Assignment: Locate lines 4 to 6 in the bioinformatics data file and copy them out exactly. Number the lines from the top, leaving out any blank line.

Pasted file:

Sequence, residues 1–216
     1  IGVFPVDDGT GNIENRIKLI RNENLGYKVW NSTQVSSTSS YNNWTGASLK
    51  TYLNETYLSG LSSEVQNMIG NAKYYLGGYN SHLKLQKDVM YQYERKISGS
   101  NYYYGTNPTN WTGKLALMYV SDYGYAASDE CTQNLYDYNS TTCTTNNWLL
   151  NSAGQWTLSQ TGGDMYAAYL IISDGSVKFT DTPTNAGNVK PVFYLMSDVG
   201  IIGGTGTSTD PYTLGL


   101  NYYYGTNPTN WTGKLALMYV SDYGYAASDE CTQNLYDYNS TTCTTNNWLL
   151  NSAGQWTLSQ TGGDMYAAYL IISDGSVKFT DTPTNAGNVK PVFYLMSDVG
   201  IIGGTGTSTD PYTLGL